Yesterday, Aaron honored the memory of the fallen by swinging the "9/11" hammer at Rand Paul.
Aaron’s criticism has been nothing if not persistent. He's touched on allegations of “demagoguery” and naiveté framed against legitimate, if latent, concerns of anti-Semitism that swirl around the Elder Paul's fringe-following.
Fair enough. As I understand it, Aaron jumped ship from Canadian-style socialism to Bush-era big-government in support of the war in Iraq. Now, leading conservatives (as opposed to party "leadership") are trending away from that model. Folks like Rand Paul, Mike Lee, and Ted Cruz have re-engergized the base on terms of smaller government, both at home and abroad. Needless to say, this changing of the guard is making some folks uncomfortable. Not least of all our hapless president, DC's entrenched establishment, and hawks on both sides of the aisle who've pocketed piles of "defense" contributions.
It’s not just the party's intellectual vanguard who've abandoned Rove's Republican vision. Citing my friend and colleague, David Kirby, from yesterday’s Politico feature, today's GOP has a libertarian lean:
Forty percent of Republican voters said they are most interested in promoting ‘individual freedom through lower taxes and reducing the size and scope of government,’ versus 27 percent ‘traditional values’ or 18 percent ‘strong national defense.’
So here's my problem with Aaron's approach. He can't ding Rand for an unimpeachable fiscal record, or smear his support of our 2nd Amendment. The senator's defense of our civil liberties against the overreach of Executive order was reduced to "demagoguery," but that didn't puncture an unforgettable filibuster.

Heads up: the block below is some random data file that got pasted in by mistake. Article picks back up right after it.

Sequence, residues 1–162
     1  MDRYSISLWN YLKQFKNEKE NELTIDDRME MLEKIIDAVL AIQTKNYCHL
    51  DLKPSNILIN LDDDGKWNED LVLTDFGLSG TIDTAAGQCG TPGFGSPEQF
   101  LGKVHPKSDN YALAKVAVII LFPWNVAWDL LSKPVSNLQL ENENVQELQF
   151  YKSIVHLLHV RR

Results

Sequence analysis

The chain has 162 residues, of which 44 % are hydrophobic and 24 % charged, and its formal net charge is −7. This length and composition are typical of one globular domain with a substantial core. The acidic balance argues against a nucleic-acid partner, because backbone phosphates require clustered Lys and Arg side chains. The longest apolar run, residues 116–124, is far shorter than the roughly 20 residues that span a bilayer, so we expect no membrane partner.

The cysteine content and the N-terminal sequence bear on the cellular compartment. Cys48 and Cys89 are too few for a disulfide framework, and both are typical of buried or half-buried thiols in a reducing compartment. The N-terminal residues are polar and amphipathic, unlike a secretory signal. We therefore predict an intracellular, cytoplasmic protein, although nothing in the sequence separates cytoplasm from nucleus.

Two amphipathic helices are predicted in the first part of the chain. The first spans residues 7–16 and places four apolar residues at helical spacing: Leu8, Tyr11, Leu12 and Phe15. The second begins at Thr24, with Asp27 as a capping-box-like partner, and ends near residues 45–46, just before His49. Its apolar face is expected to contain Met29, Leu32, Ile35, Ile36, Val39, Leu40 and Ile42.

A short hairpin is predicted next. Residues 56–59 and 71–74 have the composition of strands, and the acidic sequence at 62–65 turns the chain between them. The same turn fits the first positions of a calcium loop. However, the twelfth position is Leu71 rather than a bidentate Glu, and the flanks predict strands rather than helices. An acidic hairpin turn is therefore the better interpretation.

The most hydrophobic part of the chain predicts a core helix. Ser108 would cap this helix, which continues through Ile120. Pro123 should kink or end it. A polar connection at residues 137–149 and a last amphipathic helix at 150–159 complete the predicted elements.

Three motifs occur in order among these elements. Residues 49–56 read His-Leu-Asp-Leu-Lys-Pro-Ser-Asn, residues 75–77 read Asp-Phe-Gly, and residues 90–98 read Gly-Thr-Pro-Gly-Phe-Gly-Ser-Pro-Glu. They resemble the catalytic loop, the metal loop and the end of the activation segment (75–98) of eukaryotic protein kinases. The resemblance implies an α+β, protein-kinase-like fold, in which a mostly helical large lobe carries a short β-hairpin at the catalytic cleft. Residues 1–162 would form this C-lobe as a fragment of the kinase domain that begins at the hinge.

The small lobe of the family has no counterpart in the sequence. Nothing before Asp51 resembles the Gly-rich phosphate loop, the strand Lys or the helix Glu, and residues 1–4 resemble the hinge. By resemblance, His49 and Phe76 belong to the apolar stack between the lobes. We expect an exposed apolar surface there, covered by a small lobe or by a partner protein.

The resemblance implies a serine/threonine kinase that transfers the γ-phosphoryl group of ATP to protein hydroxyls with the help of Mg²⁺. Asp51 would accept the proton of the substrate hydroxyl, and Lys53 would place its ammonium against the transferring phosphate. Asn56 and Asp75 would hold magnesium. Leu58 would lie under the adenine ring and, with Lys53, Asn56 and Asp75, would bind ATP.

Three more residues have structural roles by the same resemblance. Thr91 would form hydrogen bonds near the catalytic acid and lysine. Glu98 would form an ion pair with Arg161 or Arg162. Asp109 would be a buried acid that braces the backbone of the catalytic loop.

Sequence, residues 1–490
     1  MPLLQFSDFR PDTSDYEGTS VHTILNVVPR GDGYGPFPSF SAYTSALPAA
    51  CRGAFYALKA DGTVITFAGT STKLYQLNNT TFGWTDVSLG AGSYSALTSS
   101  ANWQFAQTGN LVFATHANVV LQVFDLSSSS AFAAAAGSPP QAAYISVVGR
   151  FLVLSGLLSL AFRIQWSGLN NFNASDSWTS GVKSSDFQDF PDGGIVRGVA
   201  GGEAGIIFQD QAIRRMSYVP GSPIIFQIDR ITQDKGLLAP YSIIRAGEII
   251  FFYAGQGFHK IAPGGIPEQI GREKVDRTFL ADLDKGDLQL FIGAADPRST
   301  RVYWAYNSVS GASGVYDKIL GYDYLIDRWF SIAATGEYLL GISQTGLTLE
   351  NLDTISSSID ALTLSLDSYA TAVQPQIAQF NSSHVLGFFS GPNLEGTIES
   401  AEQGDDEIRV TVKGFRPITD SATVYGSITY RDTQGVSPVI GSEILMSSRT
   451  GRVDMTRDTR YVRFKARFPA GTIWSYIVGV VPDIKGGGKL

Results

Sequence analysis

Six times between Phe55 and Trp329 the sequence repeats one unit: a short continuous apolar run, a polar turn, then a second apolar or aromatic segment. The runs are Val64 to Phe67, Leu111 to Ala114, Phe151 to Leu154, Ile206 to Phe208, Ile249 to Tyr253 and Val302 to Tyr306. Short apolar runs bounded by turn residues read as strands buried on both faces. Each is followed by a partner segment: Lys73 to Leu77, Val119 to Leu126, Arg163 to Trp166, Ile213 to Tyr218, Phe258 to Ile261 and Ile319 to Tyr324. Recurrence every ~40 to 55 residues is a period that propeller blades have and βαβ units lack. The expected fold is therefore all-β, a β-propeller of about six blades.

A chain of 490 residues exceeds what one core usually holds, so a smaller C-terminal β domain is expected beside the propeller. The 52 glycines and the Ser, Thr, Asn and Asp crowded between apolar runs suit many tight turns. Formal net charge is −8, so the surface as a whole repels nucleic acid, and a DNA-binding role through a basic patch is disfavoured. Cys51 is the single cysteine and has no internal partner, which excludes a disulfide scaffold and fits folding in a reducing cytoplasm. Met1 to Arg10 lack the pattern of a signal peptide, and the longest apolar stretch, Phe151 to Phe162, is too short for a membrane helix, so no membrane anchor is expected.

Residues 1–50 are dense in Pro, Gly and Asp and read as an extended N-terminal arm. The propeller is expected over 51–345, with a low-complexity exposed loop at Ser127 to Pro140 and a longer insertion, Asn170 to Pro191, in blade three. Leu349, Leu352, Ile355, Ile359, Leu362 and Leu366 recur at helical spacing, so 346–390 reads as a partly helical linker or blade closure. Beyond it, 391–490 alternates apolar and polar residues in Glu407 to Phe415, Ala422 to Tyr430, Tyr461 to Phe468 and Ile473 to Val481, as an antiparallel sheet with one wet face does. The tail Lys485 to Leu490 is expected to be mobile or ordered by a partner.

Fighting against the current, Aaron condemns Paul for one-off statements and flimsy media relationships. It’s easier to blast rhetorical flotsam pulled from an '09 radio hit than a conservative policy agenda. Then again, Aaron might get behind Rand’s anti-federalist argument against a national ban on same sex marriage. Perhaps the party isn’t pulling away, after all.
But yesterday, Aaron left his reader, forlorn and flabbergasted. "God help us," he wrote, should Rand Paul square off against Madame Clinton. That's the puzzle facing a conservative commentator who conflates a couple radio appearances with President Obama's pastoral guide, or Hillary's 'hand-to-God' Bengazhi testimony.
This reminds me of that time Aaron challenged Quin Hillyer (of Alabama’s 1st Congressional District) whether—if faced with a choice between Newt Gingrinch and President Obama—Quin could stomach a vote for the former Majority Leader. Answering in the comment section, Quin assured us "of course" he would.
So, I’d rephrase for Aaron. Celestial hyperbole aside, “Should Republicans nominate Rand Paul to face Hillary Clinton in 2016, will he cast his ballot for President Clinton?”
The match-up shouldn’t demand a question. But if Aaron defers till 2016 (as I predict he will) I'll understand.
I admit that we all fixate on pols we don't like. Lindsey Graham isn't my cup of tea, and I'd be stuck choosing between him and Hillary. In my defense, that's because Graham is hardly "conservative" on the issues. I defy you to justify his stance on taxes, TARP, civil liberties, or climate change, even in contrast to Clinton.
That's not the case where Rand's concerned. If nothing else, he'd offer a principled alternative to politics-as-usual. However unattractive that is to folks like Lindsey Graham or Aaron Goldstein. God help them.
UPDATE (8:40 AM) - I now read that our fellow American Spectator fears Rand could prove "a willing apologist for al-Qaeda."
Aaron, not to worry. This happens to be the same senator who's an ardent supporter of an ancient Christian minority in Syria, regularly goes on record against arming the allies of al Qaeda, and tried to cut ties to the MB in Egypt. I'm happy to provide further clarification as needed.